With four matches left to play this season, the Ohio State women’s volleyball team finds itself in the middle of the log-jam that is the Big Ten standings.
After a loss Friday to Illinois (3-1) and a victory over Wisconsin Sunday (3-2), the Buckeyes are once again .500 on the Big Ten season with a conference record of 8-8.
“It’s the last mile of the marathon,” senior outside hitter Anna Szerszen said. “You’ve got to push.”
The push the Buckeyes are hoping to make would land them in the NCAA Tournament.
“Every match is important because you are trying to sell yourself to the NCAA selection committee,” OSU coach Geoff Carlston said. “Right now, we are trying to build a resume.”
The grueling Big Ten schedule the Buckeyes have braved should help their cause.
Eight Big Ten teams received votes in the Nov. 8 AVCA Division 1 Coaches Poll, with Penn State leading the charge at No. 8. Illinois followed at No. 9, Michigan at No. 16, Minnesota at No. 22 and Northwestern at No. 24. OSU, Purdue and Indiana also received votes.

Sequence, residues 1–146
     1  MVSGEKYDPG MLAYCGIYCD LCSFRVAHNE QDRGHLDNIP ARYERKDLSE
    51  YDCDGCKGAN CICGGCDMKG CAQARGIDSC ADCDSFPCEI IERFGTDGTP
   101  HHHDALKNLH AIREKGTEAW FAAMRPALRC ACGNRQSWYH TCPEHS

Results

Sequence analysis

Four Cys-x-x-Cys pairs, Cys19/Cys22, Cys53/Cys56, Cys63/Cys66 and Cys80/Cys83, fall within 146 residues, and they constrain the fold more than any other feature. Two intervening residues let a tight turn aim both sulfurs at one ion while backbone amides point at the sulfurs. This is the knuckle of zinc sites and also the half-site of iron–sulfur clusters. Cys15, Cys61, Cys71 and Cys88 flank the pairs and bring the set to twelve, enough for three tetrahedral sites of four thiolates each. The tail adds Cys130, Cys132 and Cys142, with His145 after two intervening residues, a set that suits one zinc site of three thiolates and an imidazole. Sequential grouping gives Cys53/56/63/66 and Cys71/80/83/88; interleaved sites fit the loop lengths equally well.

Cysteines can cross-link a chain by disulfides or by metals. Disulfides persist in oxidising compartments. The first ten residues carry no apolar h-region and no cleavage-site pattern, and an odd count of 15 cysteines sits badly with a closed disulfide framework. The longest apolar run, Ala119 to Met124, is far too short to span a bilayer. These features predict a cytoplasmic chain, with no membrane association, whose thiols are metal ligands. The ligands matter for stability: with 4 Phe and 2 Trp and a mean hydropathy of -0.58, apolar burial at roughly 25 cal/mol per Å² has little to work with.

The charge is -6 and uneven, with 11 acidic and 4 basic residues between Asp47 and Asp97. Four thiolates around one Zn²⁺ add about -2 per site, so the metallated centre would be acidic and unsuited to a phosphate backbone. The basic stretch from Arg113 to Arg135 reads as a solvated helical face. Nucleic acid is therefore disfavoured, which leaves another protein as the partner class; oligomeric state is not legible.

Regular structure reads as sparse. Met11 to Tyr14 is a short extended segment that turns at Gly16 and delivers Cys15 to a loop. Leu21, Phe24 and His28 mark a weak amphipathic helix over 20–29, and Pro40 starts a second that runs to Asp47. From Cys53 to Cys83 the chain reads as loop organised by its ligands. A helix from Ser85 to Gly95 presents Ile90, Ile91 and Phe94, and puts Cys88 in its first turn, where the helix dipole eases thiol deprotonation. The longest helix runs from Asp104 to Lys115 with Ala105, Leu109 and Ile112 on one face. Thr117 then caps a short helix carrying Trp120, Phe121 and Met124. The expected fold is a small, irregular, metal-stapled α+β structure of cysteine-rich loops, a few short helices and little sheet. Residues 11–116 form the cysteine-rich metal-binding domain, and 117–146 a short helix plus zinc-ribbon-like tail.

Eight Big Ten teams also find themselves among the top 33 in Ratings Percentage Index (RPI), the most of any conference in the country.
“It was a really important win, especially in terms of Big Ten standings,” sophomore outside hitter Emily Danks said. “Every win puts us closer to making the NCAA Tournament.”
With Penn State, Northwestern and Minnesota looming on the horizon, the Buckeyes’ room for error is dwindling.
“We have to make sure that when we have the opportunity to make a play, we are doing it,” Carlston said.
With a strong finish against three ranked teams, the Buckeyes, who are 20-9 overall this season, should have a good case to make for a bid to the NCAA Tournament.
“We just need to finish strong. We can’t coast,” Danks said. “Every game is a big game so (we have to) take everything seriously, put everything we’ve got into every game.”
The Big Ten championship might be out of reach for the Buckeyes, but they know late-season wins will give them momentum heading into the tournament.
“That’s what differentiates champions,” Szerszen said. “How good can you be at the end of the season?”